What is a sickle cell pain crisis (vaso-occlusive)?
A pain crisis occurs when sickled red blood cells block blood flow to the limbs and organs. This can cause pain and organ damage. The pain can be acute or chronic, but acute pain is more common. Acute pain is sudden and can range from mild to very severe. The pain usually lasts from hours to as long as a week or more. Many people also have chronic pain, especially in their bones. Chronic pain often lasts for weeks or months and can be hard to bear and mentally draining. Chronic pain may limit your daily activities.
Almost all people who have sickle cell have painful crises at some point in their lives. Some have these crises less than once a year. Others may have crises once a month or more. Repeated crises can damage the bones, kidneys, lungs, eyes, heart, and liver. This type of damage happens more often in adults than in children.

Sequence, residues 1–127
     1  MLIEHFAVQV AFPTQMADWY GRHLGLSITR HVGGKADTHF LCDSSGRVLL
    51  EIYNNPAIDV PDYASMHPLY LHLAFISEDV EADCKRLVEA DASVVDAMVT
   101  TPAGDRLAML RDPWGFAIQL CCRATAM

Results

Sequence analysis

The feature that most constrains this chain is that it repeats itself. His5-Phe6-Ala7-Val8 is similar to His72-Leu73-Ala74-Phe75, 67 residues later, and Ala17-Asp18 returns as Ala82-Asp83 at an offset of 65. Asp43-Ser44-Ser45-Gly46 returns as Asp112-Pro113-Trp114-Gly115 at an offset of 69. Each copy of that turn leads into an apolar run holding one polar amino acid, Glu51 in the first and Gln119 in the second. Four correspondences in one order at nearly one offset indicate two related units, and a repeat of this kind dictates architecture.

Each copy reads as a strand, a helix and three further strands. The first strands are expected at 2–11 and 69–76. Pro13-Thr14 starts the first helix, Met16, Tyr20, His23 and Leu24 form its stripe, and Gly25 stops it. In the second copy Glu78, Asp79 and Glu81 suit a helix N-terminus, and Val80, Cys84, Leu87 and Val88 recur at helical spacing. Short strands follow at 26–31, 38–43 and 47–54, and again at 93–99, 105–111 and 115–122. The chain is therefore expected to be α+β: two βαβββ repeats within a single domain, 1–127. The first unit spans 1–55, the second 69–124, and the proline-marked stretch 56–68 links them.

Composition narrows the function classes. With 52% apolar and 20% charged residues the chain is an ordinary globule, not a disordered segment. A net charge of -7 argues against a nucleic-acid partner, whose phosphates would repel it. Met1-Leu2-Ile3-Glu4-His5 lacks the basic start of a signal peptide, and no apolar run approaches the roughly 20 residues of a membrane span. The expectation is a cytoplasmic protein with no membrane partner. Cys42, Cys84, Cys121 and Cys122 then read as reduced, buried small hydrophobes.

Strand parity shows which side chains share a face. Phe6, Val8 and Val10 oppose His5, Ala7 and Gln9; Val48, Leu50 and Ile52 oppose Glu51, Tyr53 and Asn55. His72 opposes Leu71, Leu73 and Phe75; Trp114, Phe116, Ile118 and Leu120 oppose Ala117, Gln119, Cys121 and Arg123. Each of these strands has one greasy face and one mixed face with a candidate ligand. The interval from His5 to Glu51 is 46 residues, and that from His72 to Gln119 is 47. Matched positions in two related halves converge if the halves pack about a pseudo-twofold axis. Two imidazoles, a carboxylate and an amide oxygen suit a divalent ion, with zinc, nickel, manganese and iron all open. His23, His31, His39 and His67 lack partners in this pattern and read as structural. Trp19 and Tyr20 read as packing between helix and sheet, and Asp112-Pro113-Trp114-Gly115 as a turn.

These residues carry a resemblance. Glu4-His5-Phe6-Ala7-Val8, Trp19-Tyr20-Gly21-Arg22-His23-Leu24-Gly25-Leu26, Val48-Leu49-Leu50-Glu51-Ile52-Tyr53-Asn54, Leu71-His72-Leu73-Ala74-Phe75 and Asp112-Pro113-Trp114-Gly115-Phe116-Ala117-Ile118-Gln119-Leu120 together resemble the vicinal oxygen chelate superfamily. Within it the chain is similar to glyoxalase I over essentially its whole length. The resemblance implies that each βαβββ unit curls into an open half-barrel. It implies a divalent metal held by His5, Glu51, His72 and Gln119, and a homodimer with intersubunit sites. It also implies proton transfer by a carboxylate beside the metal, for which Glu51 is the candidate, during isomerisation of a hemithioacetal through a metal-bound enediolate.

Many factors can play a role in sickle cell crises. Often, more than one factor is involved and the exact cause isn't known. You can control some factors. For example, the risk of a sickle cell crisis increases if you're dehydrated (your body doesn't have enough fluids). Drinking plenty of fluids can lower the risk of a painful crisis. You can't control other factors, such as infections.
Painful crises are the leading cause of emergency room visits and hospital stays for people who have sickle cell disease.
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